“Give me a fish and I eat for a day; teach me to fish and I eat for a lifetime.” It is a line we have heard most of our lives. And, really great fishing lessons…at least in Texas…would always include instruction on the famous Texas rig. Anglers with a hankering for bass find it a must-have for their tackle box.

The logic behind the Texas Rig carries a similar logic of effective mentoring. It starts with a solid grounding. For the mentor, that grounding is an expertise, a desire to foster insight into another person, and a set of values that builds protégé trust and bolsters confidence. The Texas rig uses a sinker to ground the lure to a spot underwater where the fish live. It is interesting to note that a triangular shaped sinker made of lead is the most popular sinker of choice. Triangle is a widely used spiritual symbol—a key feature in effective mentoring. Lead is soft and malleable, like a great mentoring relationship! Lead’s chemical symbol, Pb, is taken from its Latin name that became the origin of the word “plumb”—a tool carpenters use to determine true vertical.

It is important the Texas rig have the proper line size that enables it to effectively handle the weight of the hoped for fish. Most bass anglers use a clear nylon test line that can accommodate at least double the weight of the fish they are likely to catch. Fish can challenge the line by their resistance, not just their weight. And, power jerking the line when a fish strikes is a guarantee the fish will escape. The test line of mentoring is the confidence of the mentor, conveyed in a fashion that is clear and subtle but never with arrogance or dominance.

The next most important item in the Texas Rig is the bead…typically red, but always a bright cheery color. The bead is what initially attracts the fish; much like the mentor establishes a warm rapport at the start of an effective mentoring relationship. The bead is positioned 12 – 18 inches in front of the hook giving the fish needed lead time to react and strike. Under the bright bead is a swivel that ensures the worm and hook can easily maneuver in the water–making it appear life-like to the fish. Swiveling to the mentor is important as it implies being adaptable and responsive to the protégé.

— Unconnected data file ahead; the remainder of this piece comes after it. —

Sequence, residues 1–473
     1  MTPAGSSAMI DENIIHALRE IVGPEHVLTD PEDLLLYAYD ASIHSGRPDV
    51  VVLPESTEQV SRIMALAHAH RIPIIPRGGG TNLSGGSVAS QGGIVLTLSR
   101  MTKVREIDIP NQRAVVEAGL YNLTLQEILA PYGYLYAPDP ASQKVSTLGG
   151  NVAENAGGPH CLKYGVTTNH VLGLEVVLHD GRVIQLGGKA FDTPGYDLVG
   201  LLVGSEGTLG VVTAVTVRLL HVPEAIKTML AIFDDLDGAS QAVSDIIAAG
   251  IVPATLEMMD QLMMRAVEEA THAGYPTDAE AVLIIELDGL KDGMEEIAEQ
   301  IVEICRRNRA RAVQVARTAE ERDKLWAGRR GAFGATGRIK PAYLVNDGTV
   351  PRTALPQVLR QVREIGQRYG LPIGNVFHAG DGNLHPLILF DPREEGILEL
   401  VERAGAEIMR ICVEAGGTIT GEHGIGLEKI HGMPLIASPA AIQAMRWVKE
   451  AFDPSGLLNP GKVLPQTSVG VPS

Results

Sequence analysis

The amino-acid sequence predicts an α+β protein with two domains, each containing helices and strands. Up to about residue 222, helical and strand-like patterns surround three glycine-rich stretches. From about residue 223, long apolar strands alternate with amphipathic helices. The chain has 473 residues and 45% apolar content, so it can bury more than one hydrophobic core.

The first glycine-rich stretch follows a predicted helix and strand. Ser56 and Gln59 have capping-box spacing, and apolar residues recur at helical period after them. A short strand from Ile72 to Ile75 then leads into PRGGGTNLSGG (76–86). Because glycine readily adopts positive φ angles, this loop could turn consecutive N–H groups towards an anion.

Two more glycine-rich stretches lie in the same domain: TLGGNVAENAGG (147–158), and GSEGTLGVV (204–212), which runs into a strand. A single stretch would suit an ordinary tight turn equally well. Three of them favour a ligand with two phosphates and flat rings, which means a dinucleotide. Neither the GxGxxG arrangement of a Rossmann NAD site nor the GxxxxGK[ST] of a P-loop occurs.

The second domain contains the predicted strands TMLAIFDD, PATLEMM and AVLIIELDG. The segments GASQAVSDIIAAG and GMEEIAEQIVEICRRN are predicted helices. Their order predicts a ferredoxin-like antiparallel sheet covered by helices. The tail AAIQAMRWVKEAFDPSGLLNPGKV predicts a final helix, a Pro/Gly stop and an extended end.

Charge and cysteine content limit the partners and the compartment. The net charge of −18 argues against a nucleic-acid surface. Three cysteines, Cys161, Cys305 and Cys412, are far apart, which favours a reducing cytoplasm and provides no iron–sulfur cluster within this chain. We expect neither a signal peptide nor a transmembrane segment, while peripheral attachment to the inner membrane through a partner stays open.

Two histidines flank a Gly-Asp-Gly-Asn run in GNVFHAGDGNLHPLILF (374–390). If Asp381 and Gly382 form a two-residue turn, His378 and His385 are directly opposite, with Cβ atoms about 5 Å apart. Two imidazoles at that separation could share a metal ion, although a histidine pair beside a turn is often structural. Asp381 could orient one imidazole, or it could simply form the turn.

Now, we come to the bait. The bait represents a meal to the fish. It must be attractive and relevant to be of interest. Anglers particularly like plastic worms; watermelon and green pumpkin are favored colors. Such colors both attract the fish and make it easier for the angler to spot the lure in dark water. The meal in mentoring is learning and it must be attractive and relevant for the protégé to find it of interest.

True anglers are conservationists. They may fish for a meal once in a while, but most fish for sport or entertainment. Barb-less hooks enable them to enjoy the process of landing a fish but without creating injury to the fish. Done with a caring hand the fish can be gently returned to the water unharmed. Great mentors use “barb-less hooks” and a caring manner. Their goal is to create an independent, self-directed learner who, filled with new knowledge and the joy of learning, eagerly return to work ready to apply what they learned.